On May 4, 1970, the Ohio National Guard gunned down unarmed college students protesting the Vietnam War at Kent State University. In a deadly barrage of 67 shots, 4 students were killed and 9 shot and wounded. It was the day America turned guns on its own children—a shocking event burned into our national memory. A few days prior, 10-year-old Derf Backderf saw those same Guardsmen patrolling his nearby hometown, sent in by the governor to crush a trucker strike. Using the journalism skills he employed on My Friend Dahmer and Trashed, Backderf has conducted extensive interviews and research to explore the lives of these four young people and the events of those four days in May, when the country seemed on the brink of tearing apart. Kent State: Four Dead in Ohio, which will be published in time for the 50th anniversary of the tragedy, is a moving and troubling story about the bitter price of dissent—as relevant today as it was in 1970.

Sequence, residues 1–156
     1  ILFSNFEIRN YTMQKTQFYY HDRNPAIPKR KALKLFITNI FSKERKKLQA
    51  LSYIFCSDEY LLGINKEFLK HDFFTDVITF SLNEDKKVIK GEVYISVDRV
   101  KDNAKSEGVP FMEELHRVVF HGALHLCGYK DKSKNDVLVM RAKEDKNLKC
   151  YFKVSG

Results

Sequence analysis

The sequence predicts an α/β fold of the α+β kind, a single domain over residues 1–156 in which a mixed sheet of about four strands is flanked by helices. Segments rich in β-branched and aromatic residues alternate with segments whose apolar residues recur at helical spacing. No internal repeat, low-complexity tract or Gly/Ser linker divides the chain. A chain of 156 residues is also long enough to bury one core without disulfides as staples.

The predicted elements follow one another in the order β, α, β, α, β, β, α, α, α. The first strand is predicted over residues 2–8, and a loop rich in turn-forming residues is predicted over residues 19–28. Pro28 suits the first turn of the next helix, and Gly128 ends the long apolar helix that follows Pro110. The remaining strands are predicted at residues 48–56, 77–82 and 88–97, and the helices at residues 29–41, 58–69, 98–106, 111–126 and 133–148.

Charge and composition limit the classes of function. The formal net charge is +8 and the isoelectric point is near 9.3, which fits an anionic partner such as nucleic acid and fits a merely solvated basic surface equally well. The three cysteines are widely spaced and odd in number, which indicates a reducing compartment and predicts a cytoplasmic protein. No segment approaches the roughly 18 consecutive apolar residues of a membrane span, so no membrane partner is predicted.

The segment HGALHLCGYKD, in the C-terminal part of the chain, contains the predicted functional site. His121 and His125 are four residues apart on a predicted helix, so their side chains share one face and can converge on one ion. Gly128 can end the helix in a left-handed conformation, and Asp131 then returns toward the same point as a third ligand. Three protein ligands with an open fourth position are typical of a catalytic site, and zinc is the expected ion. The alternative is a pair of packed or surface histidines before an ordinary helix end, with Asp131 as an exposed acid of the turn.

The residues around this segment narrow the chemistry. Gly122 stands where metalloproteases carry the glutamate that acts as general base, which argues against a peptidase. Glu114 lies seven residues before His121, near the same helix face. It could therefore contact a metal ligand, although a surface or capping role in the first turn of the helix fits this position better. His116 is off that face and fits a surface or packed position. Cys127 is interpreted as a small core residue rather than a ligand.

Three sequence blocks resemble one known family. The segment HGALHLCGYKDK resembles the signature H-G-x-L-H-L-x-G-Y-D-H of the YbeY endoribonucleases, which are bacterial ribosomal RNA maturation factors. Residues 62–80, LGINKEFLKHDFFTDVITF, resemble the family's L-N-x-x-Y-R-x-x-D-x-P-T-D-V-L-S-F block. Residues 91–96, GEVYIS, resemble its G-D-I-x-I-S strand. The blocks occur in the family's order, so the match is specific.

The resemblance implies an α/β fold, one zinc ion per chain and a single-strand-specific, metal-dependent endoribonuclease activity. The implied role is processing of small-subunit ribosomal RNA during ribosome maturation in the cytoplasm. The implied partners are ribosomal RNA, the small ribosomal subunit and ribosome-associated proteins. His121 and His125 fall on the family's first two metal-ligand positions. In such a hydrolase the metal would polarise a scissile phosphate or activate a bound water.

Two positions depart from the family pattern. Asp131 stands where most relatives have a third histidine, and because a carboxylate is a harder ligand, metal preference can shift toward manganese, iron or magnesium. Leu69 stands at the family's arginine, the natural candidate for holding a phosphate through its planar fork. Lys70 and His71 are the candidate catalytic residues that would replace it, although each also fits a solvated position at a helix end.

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“Derf Backderf's masterful Kent State does what really good, in-depth journalism should always do—breathe life into cold, hard facts—but in this case, with searing, memorable images, drawings that put us inside the skin of the protagonists. The students and the soldiers are all tragic figures in this telling, and Backderf lets us decide how to judge them. The final, violent scenes are almost Goyaesque in their brutal reality. You don't simply put this book down and get on with your life after reading the final page—you slowly recover, shaken from the experience.”